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Amer Bakery Hut is not my favourite eatery in Bhopal, but a fried wats to go. With its American Barbershop decor its a sit down fast food McDonaldsification of Indian food.

Advity had wanted to go out, but why she chose to find herself sitting in a westernised Amer Bakery Hut I was not sure.I commented he was uncomfortable eating Westernised fast food momo’s, spring rolls and PaniPuri. Even the striped logo reminded him of a pre world war I American barber shops.

Now, I do sympathise with the locals wanting to enjoy what is modern, fresh and new. As an outsider, I suppose I am biased. Its just too … well… Western.  Why travel to India to eat in a food hall, or a McDonalds? OK, I admit, McDonalds are good world over when in urgent need of a clean toilet. You know at least it’s clean. So is Amer Bakery Hut.

The one quirk of their outside take away service – a process found even inside Reliance and Star Bazaar supermarkets, is deciding your item, walking to a separate ticket counter, and returning ticket in hand to collect your food. Sit down, I can understand it, especially if an item mist be cooked. It seems to slow delivery of cakes or coffee just waiting to leap into my mouth.

But now, as my good Indian friend chooses a seat, the front desk attendant is playing “silly buggers” . Pardon my Australian.  At first I thought it was my accent, I know my drawl is misunderstood, just as I mishear Hindi and English words I use freely spoken  in unfamiliar dialects.

So I re- ordered in Hindi. He still only managed half the order, pointing to pictures of the wrong items on the back wall.

Frustrated, I resort to almost baby talk

“Ek  ……  Do ……, do lassi” pointing at each object. It is as if he refuses to comprehend I want to order multiple foods. My lady friend is sitting at a table but see her eyes betray annoyance.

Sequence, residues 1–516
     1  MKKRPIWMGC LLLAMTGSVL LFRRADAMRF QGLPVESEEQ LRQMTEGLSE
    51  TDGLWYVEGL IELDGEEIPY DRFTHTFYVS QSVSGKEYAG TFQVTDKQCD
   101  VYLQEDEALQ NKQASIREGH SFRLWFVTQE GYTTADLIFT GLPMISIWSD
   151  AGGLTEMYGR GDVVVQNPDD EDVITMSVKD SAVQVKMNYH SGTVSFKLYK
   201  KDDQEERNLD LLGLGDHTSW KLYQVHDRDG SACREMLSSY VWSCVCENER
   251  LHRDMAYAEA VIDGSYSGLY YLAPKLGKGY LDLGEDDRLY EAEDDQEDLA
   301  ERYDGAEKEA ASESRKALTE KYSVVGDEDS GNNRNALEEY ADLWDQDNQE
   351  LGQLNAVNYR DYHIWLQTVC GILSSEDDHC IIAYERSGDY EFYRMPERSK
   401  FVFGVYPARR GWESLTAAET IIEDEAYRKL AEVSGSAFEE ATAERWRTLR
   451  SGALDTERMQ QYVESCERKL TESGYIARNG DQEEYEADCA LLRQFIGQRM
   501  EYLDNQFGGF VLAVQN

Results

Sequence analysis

He mumbles frustrations about “stupid firengi”.

I repeat the order. “Dont play games with me. Mai Bharat mai teen sal jata raha hun. I have ordered here many times before… with no problems.”

Clearly he was one who enjoyed the smug satisfaction of getting a rise out of upsetting “whitees.” There is a common nervous smile, mostly benign, that smugly ostracises outsiders. A smile I see looking for support of the group, the caste, or family. A smile I soon realised was born of insecurity and rarely malice, that came from coping and perhaps emotional  of generations of colonialists.

However, that same giggle would be seen as an insult where I come from. Sometimes, my instinct is frustration, even insult. Then I remember …..

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So often my gestures are also misinterpreted. Where I was taught direct truth shows another respect, here it is polite to be silent.    Each position has streths and weaknesses. Explosive directess may cut a heart. Silence may degenerate into gossip  and undermining .

It is said that the billion strong flocks of passenger pigeons that blacked US skies became nervous as their numbers thinned. As hunters machine gunned them from the sky their numbers shrunk and the few flocks became confused unable to cope without their huge numbers.  While I don’t expect Indians to become extinct (the last Passenger Pigeon, Martha died at Cincinnati Zoo in 1914), there is something of the need of the group that drives people here.

Its not true of everyone. Its just that some need the approval of the tribe, at the expense of the other.

Yet, tradition says the man should move out to the forest alone in meditation, but I suspect few choose to be gurus.

Finally I place my order.

“What was wrong with him? “Advity is unimpressed by her fellow country men. “What are they staring at? The Khans are whiter than you.”

Undoubtedly true, my Mediterranean skin allows me to pass as an Indian until I open my mouth giving all away in accented Australian Strine.

But who are the Khans you ask?

If you want to know a little of the unscrupulous adventures of Bhopal’s founder dost Mohammad Khan.

The Khans were Bhopal founder s. The lake may have been built by 11th century Raja Bhoj – part of the requirement to expiate the sin of murdering his mother.   However, Afghani Mohammad Dost gained prestigue for his unscrupulous military daring toward the end of Aurengzebs reign. He had also learned of Jahan and Akhbars religious accommodation and saw some of the problems ofAurengzeb more austere religious policies.

Originally from Afghanistan they are often very white – at least the locals think so.

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